New around here

Hey all!

I’ll keep this short and sweet: I’m new here. Fresh out of the box, starting to learn shorthand. I’d appreciate any pointers you could give me to help. i.e. common pitfalls, motivating advice, practice tips, etc. I’m planning to teach it to myself, so the more helpful pointers, the better!


(by cerinye for everyone)

11 comments Add yours
  1. Hey! I am also new.
    If you have not already had a look, there is a complete Gregg anniversary on, i believe.. Google gregg shorthand and you should come up with it.

    If you are interested, there are penpals.. Not sure if they are used, but a good idea would be scanning a document and then emailing it… Kind of virtual penpal. If you'd like, its an option.

    Anyway, Hi!

  2. Congratulations. It really is a wonderful hobby, and something that you really get into. I have been learning it for the last 2 months. I started by going to and downloading a few of the books there. The Anniversary Manual, the Fundamental Drills, and 5000 most frequently used words. I use these three books in unison as I work through the manual.   I like the manual, its systematic, logical, has practice examples and lays out the material very nicely. I very much enjoy working from the manual and bit by bit discovering all the tricks and methods in using shorthand. But make sure you take your time to go over all the material, and after each Unit, read through the Fundamental Drills book. This book provides around 5 pages of reading material for each unit and allows you to have a lot of practice for the new rules and brief forms learned. The 5000 words book is good for looking up what the correct outline is for a particular word but you shouldn't need it at the start.   In regards to the various systems, feel free to research, and you probably know by now that the older the system the harder it is. But in fairness 318 brief forms for Anniversary is not that hard. After 2 months I've gone through 2/3 of the book and pretty much know the outlines well. Because they're very visual and shortened forms of the original word, they stay in your memory well.   If you have anything specific about starting the process, ask!    

  3. c-higginson:  Nice to see other new people on here!  How long have you been studying Gregg?  Do you have a tutor or are you teaching yourself?  Penpals sound like a cool idea to practice!  I like letter writing and postcarding anyways, so it'd be a nice way to blend some interests and connect w/ other shorthanders.  😛   MICHAEL_LISITSA:  Thanks for the reply!  How's it gone for you over the last two months?    For anyone:  How vital is it that you draw a photographically exact replica of the outline?  I fret a bit about how similar they may be and how much trouble it will be for me down the line.  Is photographic accuracy a must for shorthand?  It seems like one could never attain such precision, especially w/ the symbols being as similar as they are (e.g. the T/D and the ch/J; the upwards S and the F and the V; the "I" as in Isle and the A w/ a smiley curve above it)  Do these areas give you all trouble?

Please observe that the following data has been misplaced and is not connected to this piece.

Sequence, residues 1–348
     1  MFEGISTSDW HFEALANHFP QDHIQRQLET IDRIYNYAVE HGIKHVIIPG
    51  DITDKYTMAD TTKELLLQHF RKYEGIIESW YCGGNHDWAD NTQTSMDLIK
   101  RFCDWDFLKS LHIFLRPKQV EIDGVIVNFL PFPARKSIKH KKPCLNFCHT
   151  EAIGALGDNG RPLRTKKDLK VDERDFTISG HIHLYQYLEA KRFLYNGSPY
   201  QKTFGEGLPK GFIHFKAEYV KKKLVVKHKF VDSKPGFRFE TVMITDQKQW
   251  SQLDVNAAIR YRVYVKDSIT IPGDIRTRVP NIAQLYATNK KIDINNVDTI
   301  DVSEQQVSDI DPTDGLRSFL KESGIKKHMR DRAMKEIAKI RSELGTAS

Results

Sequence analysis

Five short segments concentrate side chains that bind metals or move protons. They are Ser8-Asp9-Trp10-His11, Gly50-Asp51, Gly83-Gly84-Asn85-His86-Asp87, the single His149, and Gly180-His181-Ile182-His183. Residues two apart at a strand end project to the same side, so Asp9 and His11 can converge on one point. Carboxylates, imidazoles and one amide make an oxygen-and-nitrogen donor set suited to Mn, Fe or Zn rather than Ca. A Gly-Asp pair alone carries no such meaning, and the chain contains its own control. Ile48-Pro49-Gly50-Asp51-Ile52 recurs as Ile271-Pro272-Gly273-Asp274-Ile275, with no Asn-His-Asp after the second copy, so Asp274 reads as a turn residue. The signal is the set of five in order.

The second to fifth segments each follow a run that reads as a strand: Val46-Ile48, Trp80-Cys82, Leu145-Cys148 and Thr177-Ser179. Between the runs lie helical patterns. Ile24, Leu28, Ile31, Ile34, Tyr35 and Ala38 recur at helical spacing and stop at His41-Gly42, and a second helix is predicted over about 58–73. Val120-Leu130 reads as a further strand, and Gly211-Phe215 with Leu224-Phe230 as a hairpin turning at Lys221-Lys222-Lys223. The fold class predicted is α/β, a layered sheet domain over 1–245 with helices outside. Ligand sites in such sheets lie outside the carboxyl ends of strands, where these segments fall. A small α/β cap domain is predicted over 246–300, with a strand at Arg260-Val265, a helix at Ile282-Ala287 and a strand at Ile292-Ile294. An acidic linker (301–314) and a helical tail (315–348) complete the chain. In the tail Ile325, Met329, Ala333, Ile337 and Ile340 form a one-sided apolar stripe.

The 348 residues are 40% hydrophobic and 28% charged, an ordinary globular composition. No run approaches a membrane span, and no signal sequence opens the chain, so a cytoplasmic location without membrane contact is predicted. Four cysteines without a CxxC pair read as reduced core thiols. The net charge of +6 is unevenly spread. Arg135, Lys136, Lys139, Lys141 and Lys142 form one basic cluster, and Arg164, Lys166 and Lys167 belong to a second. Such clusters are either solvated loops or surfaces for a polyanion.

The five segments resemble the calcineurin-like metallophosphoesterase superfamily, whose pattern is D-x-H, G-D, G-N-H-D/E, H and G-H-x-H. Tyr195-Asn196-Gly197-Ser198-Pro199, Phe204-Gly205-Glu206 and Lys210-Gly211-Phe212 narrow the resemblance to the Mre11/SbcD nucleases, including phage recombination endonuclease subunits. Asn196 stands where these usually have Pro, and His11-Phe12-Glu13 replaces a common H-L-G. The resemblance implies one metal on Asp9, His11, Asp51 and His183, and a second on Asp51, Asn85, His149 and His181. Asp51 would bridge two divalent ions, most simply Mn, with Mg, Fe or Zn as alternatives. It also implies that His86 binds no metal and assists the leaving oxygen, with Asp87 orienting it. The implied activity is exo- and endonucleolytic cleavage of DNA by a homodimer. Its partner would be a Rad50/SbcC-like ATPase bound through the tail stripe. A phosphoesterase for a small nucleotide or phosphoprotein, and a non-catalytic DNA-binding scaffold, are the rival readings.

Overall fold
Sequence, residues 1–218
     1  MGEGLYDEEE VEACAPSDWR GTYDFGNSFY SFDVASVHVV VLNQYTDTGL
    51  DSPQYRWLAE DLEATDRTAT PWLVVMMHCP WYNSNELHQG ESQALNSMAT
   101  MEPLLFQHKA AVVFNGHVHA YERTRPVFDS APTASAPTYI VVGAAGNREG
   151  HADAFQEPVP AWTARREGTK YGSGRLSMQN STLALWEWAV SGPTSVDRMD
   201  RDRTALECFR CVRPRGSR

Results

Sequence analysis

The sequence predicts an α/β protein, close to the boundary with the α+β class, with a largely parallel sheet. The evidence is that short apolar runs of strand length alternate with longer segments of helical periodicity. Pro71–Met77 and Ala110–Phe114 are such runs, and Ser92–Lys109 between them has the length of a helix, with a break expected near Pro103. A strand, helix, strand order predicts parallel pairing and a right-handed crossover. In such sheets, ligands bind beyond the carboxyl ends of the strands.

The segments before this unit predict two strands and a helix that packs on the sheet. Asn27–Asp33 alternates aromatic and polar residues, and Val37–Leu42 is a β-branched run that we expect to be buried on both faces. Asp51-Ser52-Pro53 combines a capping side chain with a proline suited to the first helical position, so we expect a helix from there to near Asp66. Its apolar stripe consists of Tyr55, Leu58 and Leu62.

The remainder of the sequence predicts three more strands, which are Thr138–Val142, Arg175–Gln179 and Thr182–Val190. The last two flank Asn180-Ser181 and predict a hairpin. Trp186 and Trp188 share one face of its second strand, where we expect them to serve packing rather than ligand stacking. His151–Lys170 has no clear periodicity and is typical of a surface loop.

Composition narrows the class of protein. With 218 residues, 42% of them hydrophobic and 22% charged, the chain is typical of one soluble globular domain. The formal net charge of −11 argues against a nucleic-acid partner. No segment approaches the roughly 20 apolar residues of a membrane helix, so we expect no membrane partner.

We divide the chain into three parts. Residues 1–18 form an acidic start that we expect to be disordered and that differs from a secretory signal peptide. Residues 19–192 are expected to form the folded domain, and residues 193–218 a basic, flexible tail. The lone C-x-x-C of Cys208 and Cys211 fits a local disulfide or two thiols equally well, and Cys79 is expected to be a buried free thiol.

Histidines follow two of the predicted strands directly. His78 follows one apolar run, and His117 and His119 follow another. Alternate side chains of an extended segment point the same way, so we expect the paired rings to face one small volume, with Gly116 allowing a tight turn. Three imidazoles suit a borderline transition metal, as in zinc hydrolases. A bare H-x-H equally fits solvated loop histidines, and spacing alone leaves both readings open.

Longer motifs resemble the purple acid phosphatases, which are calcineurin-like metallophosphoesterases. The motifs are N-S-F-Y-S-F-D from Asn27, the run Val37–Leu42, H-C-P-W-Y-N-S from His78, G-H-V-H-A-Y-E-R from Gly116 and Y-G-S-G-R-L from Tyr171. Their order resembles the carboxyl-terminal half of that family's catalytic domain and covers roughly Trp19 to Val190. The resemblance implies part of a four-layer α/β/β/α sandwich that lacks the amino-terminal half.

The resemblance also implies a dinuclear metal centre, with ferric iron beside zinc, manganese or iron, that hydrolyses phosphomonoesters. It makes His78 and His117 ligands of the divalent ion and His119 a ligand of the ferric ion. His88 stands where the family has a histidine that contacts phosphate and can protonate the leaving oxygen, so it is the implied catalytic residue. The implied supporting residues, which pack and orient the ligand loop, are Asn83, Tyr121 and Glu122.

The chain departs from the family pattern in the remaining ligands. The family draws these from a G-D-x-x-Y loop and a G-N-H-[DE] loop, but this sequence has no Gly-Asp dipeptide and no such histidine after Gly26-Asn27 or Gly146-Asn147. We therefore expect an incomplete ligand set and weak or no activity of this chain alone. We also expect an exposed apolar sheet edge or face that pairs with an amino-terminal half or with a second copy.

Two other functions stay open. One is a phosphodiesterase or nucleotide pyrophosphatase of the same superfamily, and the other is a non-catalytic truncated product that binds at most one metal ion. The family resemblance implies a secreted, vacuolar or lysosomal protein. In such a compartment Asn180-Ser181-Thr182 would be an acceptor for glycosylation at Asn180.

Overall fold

4. Photographic isn't required. I've read stuff by the contest winners that's quite far off standard.

    You do have to be able to distinguish between shapes that should be distinct. T/D are more slanted than ch/J. There is no such thing as upwards S, F and V in Gregg.

    A lot of the rules which seem arbitrary actually help here. Even if your M slopes upwards you know it's not D because of how you did the vowels around it.

    Also, the system is made to blend. Quite often, two letters will blend quite nicely into a compound shape.

    But, while starting out it's best to follow the model more closely, until you learn the entire system. My first book didn't mention the existence of TD. I wrote my T and D too long; I had to relearn the entire T-D-TD family.

    This is one of the reasons a quick overview of the entire system is nice. Some of the books have one in the early pages.

    I found that writing quickly helped. My F's twisted backwards, but when I wrote quickly my wrist got involved as well as my fingers, and the shape was much better.

    In the end, what matters is whether you can look at a line and know what it represents. That's why it's very important to reread your own writing before the wrong habits set in.